By K Lee Lerner; Brenda Wilmoth Lerner
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Additional resources for The Gale encyclopedia of science vol 4
Maddocks Consulting Scientist DeSoto, Texas Lee Wilmoth Lerner Science Writer NASA Kennedy Space Center, Florida Scott Lewis Science Writer Chicago, Illinois Frank Lewotsky Aerospace Engineer (retired) Nipomo, California Karen Lewotsky Director of Water Programs Oregon Environmental Council Portland, Oregon Kristin Lewotsky Editor Laser Focus World Nashua, New Hamphire Stephen K. D. Ed. Wilmington, North Carolina David Lunney Research Scientist Centre de Spectrométrie Nucléaire et de Spectrométrie de Masse Orsay, France GALE ENCYCLOPEDIA OF SCIENCE 3 Contributors Amy Kenyon-Campbell Ecology, Evolution and Organismal Biology Program University of Michigan Ann Arbor, Michigan Gail B.
Eutrophic—Older, fertile lakes with thick basin deposits and several life forms. Mesotrophic—Middle-aged lakes with intermediate levels of basin deposits and numbers of life forms. Oligotrophic—Young lakes with the least amount of basin detritus and numbers of life forms. Turnover—The mixing and flip-flopping of thermal layers within a lake that results in nutrient mixing within the lake. ing acid rain), eutrophication, and shoreline overdevelopment.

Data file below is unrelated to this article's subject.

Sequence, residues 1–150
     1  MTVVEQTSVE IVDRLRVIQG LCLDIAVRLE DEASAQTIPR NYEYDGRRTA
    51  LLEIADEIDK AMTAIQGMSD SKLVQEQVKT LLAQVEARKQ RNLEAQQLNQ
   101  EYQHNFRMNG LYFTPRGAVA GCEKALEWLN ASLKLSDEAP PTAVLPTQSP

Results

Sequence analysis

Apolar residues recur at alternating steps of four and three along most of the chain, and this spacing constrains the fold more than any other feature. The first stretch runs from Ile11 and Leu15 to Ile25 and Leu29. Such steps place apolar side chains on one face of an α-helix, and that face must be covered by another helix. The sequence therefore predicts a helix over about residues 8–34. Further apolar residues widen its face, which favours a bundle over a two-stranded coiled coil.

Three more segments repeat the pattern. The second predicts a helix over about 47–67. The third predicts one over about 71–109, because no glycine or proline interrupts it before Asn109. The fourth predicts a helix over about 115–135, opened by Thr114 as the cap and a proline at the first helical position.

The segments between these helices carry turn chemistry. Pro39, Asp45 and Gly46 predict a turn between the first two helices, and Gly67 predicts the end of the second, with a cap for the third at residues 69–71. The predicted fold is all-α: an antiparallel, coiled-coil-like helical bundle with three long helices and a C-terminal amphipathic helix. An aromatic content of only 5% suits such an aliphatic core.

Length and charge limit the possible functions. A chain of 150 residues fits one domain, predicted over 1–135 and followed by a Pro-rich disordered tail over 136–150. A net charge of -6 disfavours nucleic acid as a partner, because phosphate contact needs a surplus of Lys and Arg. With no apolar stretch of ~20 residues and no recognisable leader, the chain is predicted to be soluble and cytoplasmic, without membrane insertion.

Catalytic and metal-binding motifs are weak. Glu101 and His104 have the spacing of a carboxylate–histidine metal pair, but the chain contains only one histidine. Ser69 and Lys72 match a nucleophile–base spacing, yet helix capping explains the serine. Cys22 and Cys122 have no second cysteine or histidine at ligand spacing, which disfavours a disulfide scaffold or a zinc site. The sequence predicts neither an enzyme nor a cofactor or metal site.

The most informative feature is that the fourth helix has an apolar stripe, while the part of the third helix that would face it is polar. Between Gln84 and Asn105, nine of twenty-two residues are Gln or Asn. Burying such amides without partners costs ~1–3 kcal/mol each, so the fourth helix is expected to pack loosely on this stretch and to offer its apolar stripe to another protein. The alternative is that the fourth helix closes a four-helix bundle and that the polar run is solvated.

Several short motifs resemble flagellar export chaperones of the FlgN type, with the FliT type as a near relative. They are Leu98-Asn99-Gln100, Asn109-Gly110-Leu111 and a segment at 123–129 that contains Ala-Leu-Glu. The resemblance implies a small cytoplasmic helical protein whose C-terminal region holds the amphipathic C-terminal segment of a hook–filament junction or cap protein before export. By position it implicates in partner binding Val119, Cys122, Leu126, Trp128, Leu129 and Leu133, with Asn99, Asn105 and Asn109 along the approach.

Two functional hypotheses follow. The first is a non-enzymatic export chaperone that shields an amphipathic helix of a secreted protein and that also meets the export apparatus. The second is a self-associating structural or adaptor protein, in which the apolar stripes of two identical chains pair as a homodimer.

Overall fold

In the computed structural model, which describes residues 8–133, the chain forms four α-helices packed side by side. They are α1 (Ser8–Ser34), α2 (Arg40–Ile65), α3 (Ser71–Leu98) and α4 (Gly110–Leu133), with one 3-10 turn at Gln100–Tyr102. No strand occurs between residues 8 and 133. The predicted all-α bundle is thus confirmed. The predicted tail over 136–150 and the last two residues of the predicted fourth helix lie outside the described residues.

Deeper water is generally both denser and colder than shallower water—other than ice. In fall, the surface is cooled in proximity to the surrounding air. As this surface water cools, it sinks, mixing throughout the epilimnion. The epilimnion continues to cool and eventually matches the metalimnion in temperature. Wind mixes these two water layers, which then cool to temperatures lower than the hypolimnion temperature. Then the hypolimnion water mixes in with the rest of the water and rises to surface.
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